Current safety testing does not exploit state of the science. The data and information explosion in developmental biology and toxicology over the last few years has made it necessary to organize the information in the field of toxicology in a different way. These data come from high-throughput (HTP) assay batteries, global gene expression studies, and other sources that rely on harnessing biotechnology to provide information on chemical interactions with biological systems at basic levels of biological organization, as well as HTP methods for assessing the effects of chemicals on the development of model organisms such as zebrafish. In particular, the increasing amounts of data that inform us about molecular pathogenesis leading to human developmental toxicity, now motivate the implementation of human developmental toxicity Ontology.
Such an Ontology will inform the elucidation of AOPs relevant to systems toxicology and predictive toxicology for prenatal and neonatal life (Villeneuve reviews, Wu et al); help in the identification of mechanistically-based biomarkers and serve as a platform for systems toxicology for prenatal development (Sturla et al, 2014). It will also help guide the design of chemicals without evident potential for developmental toxicity.
This project will develop a formal system (ontology) that organizes the knowledge of chemical structure and developmental biology to predict and explain which chemicals will induce human developmental toxicity.
The projects objectives are to:
- Incorporate information at a variety of levels of biological organization, including but not limited to molecular targets and molecular initiating events and their associated chemistries. For example, one can identify chemical features that support binding to specific receptors or enzymes, or electrophilic attack of macromolecules.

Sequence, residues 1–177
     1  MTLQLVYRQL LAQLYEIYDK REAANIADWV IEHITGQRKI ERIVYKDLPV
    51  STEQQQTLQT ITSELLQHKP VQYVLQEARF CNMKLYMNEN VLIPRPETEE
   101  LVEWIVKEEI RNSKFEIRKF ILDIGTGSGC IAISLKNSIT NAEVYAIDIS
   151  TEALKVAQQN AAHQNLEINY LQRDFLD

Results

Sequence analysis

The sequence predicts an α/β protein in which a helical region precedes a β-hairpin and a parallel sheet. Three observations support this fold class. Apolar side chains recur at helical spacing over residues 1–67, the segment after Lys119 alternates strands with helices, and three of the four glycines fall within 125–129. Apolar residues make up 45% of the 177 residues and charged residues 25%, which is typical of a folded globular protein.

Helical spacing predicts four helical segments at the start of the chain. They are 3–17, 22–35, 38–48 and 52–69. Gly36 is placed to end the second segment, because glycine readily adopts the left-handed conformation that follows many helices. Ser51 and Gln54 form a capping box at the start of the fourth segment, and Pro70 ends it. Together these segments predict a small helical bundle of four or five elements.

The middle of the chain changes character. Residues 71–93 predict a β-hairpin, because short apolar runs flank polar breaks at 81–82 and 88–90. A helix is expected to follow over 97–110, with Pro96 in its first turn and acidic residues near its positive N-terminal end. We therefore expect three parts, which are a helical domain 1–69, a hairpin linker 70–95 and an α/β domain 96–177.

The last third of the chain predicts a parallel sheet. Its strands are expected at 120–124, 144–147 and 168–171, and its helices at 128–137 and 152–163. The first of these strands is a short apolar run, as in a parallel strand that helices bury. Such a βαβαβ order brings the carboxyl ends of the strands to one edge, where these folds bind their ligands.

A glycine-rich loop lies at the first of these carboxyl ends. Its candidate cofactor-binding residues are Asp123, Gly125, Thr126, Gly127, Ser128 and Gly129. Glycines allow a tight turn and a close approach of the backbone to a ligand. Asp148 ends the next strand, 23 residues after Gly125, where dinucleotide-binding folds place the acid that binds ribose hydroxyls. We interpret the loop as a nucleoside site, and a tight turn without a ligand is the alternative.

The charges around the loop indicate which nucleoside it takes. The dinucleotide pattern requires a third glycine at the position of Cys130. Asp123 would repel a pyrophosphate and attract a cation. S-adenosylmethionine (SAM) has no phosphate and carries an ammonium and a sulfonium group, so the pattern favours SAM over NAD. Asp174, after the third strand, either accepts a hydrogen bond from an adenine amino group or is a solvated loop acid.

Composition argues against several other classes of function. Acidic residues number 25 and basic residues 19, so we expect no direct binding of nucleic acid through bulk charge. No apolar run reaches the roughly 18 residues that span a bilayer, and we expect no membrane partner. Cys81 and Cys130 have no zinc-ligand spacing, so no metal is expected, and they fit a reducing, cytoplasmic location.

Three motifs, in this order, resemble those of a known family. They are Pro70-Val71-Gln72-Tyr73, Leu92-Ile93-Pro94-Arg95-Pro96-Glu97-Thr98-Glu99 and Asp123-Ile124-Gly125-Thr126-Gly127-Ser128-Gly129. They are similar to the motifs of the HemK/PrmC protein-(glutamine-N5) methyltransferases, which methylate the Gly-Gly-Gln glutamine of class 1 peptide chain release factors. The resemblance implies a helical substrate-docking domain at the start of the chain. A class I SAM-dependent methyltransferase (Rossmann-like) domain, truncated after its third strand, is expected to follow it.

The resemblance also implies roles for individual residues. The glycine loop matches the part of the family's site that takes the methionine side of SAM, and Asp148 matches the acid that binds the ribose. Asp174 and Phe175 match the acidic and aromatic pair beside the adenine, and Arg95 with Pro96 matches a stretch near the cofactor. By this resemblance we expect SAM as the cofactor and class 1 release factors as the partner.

- Comprehensively cover initial molecular interactions and downstream consequences using available information on the chemistry and biology shown to invoke developmental toxicity.
- Link biochemical changes, cellular consequences, embryological events, and developmental processes with enough specificity to support the formulation of hypotheses about the pathways leading from initial chemical interaction to specific adverse outcomes.
- Link with existing ontologies including those describing developmental processes and defects, where possible, to ensure interoperability (e.g OECD AOP- wiki).
- Enable the toxicology community to develop computational approaches and be compliant with open standards for ontologies (e.g. OWL) and systems biology (e.g. SBML). However it will also be user-friendly such that it is accessible and useable by the computer non-specialist.
The proposed ontology aims to formalize a system that integrates ‘vertical’ classification of adverse developmental outcomes (e.g. apical endpoints in a prenatal developmental toxicity animal study) with ‘horizontal’ classifications (in which the developmental lineages, spatial dynamics and staging of critical transitions leading to adverse outcomes can be derived from the expanding knowledge base of developmental biology, particularly from small model organisms and animal models of human disease).
This will be a toxicology-driven effort in collaboration with developmental biologists, toxicologists and ontologists. The investigators should consider data that is available in the peer reviewed literature as well as freely accessible data sources such as ToxCast; public repositories of gene expression information; compilations of toxicology data organised by chemical structure (e.g. ACToR, DSSTox); and previously developed ontologies - particularly those for developmental biology. See ‘references’ below for an additional source of information.
Download here the full version of the RfP LRI-AIMT5.